New businesses and seasonal businesses face more complicated compliance requirements. That’s because seasonal businesses have access to an exception to the employer mandate as long as they reach the 50+ employee threshold (or the 100+ threshold in 2015) on no more than 120 days of the year and only reach that threshold due to seasonal employees. Seasonal employees are those who perform services on a seasonal basis as defined by the Department of Labor, and includes retail workers employed exclusively during holiday seasons.
New companies must comply with the employer mandate, despite not having a previous basis to determine their status. The IRS says that a new business is considered an applicable large employer in its first calendar year if it expects to employ 50 or more full-time employees on average and actually does employ at least 50 full-time employees during the calendar year. So the person starting a new business must look at expectations from day one to determine if it is subject to the employer mandate.
When Small Businesses Self-Insure
Some small businesses have chosen to self-insure, which exempts them from ACA requirements like insurance taxes and specified benefits. To the employee, their employer’s self-insurance functions like any other health insurance plan. Self-insured employers usually contract with another company to administer claims while paying for most healthcare costs directly. Employers who elect to self-insure buy stop-loss coverage for themselves to protect the company should claims exceed a certain amount.
Self-insurance is really only a good choice for businesses that employ a young, healthy workforce, but brokers of stop-loss coverage have reported increased business since the ACA went into effect. It is important to note that some states are trying to pass legislation to limit self-coverage, including California, Rhode Island, and Minnesota. The reasoning behind the restrictions is that companies with young, healthy workforces could self-insure, leaving risk pools for traditional insurers that are older and sicker, and making traditional insurance more expensive.
Requirements for Businesses With Fewer Than 50 Employees
Businesses that have fewer than 50 full-time employees still have obligations under the ACA. Specifically, they must:
- Provide notice to employees of the existence of the Health Insurance Marketplace, possible employee eligibility for tax credits if they purchase insurance through the Marketplace, and that they may forfeit their employer contribution towards health insurance if they choose coverage through the Marketplace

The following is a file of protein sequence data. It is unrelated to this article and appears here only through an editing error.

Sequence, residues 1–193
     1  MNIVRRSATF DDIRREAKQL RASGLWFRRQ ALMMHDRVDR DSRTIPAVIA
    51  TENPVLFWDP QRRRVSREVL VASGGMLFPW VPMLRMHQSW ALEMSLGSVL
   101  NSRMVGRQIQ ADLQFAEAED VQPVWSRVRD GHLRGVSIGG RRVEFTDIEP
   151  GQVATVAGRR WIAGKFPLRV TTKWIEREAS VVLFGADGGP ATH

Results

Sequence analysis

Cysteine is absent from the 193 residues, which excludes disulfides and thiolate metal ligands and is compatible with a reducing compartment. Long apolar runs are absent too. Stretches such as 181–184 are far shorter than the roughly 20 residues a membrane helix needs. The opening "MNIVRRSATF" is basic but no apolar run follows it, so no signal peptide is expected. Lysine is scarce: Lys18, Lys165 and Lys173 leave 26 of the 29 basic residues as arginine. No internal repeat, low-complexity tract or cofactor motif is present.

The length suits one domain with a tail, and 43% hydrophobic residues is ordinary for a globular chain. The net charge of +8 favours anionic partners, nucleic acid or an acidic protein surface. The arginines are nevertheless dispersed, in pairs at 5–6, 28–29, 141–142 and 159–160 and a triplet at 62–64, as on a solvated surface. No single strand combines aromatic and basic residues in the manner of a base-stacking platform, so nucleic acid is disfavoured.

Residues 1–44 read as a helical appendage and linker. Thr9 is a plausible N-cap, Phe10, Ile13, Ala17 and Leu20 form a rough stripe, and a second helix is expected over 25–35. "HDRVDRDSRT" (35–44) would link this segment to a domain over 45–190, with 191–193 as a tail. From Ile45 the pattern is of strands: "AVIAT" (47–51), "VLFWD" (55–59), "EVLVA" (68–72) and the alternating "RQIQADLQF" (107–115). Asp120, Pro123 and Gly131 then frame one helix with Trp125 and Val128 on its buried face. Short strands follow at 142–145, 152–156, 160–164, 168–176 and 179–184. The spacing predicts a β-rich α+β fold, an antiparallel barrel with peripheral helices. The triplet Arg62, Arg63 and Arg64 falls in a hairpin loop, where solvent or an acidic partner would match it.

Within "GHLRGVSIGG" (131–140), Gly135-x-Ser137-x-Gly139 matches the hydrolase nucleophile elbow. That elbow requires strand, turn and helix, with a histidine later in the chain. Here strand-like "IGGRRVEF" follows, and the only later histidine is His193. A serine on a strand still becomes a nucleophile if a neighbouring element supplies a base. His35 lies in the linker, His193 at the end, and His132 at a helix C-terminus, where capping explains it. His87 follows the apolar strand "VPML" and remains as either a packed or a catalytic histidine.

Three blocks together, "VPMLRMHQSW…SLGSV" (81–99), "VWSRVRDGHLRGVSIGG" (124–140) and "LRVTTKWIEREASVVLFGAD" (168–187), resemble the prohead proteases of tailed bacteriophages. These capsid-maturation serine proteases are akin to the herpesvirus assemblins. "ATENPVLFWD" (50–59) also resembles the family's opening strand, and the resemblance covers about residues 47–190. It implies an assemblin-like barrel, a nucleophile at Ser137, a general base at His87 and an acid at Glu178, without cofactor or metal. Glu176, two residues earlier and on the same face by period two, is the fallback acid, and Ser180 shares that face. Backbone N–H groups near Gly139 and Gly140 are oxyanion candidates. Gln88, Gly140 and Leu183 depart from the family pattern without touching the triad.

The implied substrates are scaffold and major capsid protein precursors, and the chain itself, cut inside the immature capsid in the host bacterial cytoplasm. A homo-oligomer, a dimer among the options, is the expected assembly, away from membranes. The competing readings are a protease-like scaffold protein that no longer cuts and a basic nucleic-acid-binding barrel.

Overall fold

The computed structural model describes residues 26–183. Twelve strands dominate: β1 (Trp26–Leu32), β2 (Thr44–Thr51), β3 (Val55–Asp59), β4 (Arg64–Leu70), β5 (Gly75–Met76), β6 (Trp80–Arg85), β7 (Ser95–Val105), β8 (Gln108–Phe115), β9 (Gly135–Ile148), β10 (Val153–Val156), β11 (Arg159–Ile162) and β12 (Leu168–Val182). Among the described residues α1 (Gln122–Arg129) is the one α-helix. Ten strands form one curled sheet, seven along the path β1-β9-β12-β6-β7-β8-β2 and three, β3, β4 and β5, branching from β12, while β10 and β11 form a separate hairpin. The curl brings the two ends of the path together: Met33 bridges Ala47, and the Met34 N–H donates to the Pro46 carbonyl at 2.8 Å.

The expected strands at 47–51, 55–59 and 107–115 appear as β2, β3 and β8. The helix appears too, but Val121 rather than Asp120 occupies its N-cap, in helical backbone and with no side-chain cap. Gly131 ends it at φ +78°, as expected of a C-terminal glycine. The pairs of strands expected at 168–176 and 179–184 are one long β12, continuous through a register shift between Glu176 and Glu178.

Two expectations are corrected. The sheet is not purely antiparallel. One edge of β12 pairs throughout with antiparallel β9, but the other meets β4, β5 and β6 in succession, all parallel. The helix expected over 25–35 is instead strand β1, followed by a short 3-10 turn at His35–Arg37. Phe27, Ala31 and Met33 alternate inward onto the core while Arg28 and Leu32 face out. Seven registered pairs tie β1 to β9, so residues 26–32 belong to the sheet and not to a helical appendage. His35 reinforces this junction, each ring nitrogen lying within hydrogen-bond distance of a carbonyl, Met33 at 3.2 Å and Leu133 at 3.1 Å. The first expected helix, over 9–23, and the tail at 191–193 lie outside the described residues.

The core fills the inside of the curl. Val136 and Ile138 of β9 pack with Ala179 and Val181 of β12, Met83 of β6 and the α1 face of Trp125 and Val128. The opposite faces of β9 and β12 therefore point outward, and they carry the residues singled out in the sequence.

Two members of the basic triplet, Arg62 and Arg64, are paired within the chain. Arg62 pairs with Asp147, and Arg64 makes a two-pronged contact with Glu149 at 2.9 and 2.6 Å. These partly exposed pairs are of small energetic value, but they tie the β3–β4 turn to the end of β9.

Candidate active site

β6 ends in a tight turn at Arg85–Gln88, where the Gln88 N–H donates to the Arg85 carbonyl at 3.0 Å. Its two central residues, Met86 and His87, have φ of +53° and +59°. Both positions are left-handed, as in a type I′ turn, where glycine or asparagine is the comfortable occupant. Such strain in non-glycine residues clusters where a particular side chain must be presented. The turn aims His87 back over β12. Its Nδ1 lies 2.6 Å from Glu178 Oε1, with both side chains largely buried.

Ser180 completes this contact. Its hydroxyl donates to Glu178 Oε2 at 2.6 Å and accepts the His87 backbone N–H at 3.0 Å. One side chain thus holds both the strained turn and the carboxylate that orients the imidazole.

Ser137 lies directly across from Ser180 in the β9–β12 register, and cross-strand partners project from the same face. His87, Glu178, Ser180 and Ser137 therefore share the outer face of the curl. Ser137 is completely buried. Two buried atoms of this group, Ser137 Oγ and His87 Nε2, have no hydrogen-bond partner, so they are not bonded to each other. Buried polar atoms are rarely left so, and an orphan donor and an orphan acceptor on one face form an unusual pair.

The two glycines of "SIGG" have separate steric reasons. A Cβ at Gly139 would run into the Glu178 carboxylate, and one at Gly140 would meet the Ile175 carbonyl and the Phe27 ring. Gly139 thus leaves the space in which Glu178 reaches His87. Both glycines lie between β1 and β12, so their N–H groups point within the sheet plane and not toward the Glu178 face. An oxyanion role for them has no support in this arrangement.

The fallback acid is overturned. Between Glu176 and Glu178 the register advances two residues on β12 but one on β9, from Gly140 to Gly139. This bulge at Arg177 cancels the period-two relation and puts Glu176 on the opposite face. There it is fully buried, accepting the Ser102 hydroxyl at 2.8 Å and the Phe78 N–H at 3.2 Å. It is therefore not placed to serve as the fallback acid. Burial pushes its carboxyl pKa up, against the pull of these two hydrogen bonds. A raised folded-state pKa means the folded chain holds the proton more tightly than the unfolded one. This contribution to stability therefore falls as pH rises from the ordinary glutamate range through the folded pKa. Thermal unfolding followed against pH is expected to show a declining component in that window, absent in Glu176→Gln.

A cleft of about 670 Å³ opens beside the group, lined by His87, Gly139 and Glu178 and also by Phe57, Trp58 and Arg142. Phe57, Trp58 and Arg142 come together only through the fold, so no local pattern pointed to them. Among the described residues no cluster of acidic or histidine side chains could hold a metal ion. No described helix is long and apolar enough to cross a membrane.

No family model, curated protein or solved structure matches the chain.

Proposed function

- Provide a Summary of Benefits and Coverage Disclosure, which explains what any employer-offered plan covers and what it costs. This can help employees make better decisions about obtaining coverage through work or through the Marketplace.
- Withhold additional Medicare on employees earning over $200,000 (if they file singly) or $250,000 (if they file jointly). The tax increase comes from the employee, but employers are obligated to do the withholding.
- Restrict any waiting period for the date upon which employees are eligible for coverage to 90 days or less. This applies to all employer-sponsored plans.
Healthcare benefits are important to small businesses for recruiting or retaining a competitive workforce, and many small businesses strive to make such benefits available to employees. One way they are able to do this is through a partnership with PEO. Because PEOs pool together numerous businesses, they are often able to obtain for their clients better healthcare plans at more competitive rates.
Moreover, by working with a PEO, a small business owner can be confident that the business will be in compliance with the many complex requirements under the ACA and avoid inadvertently running into penalties for noncompliance. PEOs are in the business of staying on top of the many and varying requirements under laws like the ACA, as well as workers’ compensation and other regulations.
Is the ACA Affecting Your Business? SourceOne Partners Can Help
SourceOne Partners is ready to help small businesses evaluate their needs and their obligations under the ACA and other laws, and to help them select a PEO that can take care of the many HR tasks that even the smallest business must deal with. If your small business is struggling to carry out essential HR functions, SourceOne Partners can help you analyze PEO costs vs. benefits, understand exactly how PEOs calculate client costs, and find the right PEO to keep you on top of ACA and other challenges in the coming year. To learn more, contact us online or call 561-674-0748.